Monday, January 18, 2010

A change of browser


A while ago I swapped form using Microsoft’s Internet Explorer to Firefox. The main reason was the number of handy add ons that Firefox has available. One of these is NoScript which blocks  Javascript and Flash but can be easily configured to allow pre-determined safe sites. Most browser threats these days come via scripts, so the more protection the better.

For the past week I decided that I would use Google Chrome as my default browser and I must say that I’m impressed. It is fast, stable and supports many (not all) of the little add ons that I use. I use a site on a daily basis that is very heavily Java based and I gotta say that here it really flys, even compared to Firefox. So I’m now using Chrome everyday without hesitation.

Interestingly, I came across this news report “Calls to ditch Internet Explorer after China hacks” that details how the recent major cyber attacks against Google were perpetrated via Internet Explorer and Adobe Acrobat. Internet Explorer has had a really bad name in relation to security and even with the release of version 8 it doesn’t seem to be getting any better. Again, you do need to take these reports with a pinch of salt being they come from mainstream media (read techno-illiterate and sensationalism seeking) and are about a competitor to Google (i.e. Microsoft). However, the most interesting thing is that I haven’t seen much response from Microsoft about the attacks (Did they also get attacked? If they didn’t why didn’t they? Or did they and they are just not admitting it?).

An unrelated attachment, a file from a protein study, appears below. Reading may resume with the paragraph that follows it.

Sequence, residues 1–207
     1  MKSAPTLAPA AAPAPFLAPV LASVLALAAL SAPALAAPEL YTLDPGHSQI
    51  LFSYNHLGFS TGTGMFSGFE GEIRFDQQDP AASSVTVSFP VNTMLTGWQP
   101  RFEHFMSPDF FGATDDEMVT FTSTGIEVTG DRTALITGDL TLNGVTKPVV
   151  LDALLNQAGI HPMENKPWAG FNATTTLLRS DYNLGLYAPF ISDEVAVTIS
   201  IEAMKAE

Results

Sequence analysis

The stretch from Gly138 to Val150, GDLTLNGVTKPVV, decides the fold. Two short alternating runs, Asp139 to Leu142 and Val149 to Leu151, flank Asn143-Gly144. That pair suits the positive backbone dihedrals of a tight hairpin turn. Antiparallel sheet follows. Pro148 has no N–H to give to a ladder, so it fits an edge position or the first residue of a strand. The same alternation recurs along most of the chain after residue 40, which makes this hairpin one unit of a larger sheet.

After using both Firefox and Chrome I can honestly see no need to return to Internet Explorer, it just feels old. Perhaps there is a need to really strip Internet Explorer back and make a really simple and secure version which is really what most people need. The problem in this business is once you fall behind it normally takes a monumental improvement in a product to catch up as it has to be so much better than what is already out there to even warrant attention. Personally, I can’t see Microsoft doing this. They have reached middle age and a technical leap of that size just doesn’t seem possible to them any more.

If the browser is the default application through which which most people access the web how many of these are unpatched and insecure? Even if you are up to date all these unpatched systems still represent a threat because when you are connected to the web you are also connecting to them. The joys of an interconnected world!

So what is your browser of choice? Whatever it is make sure it is up to date (as well as your version of Adobe Acrobat).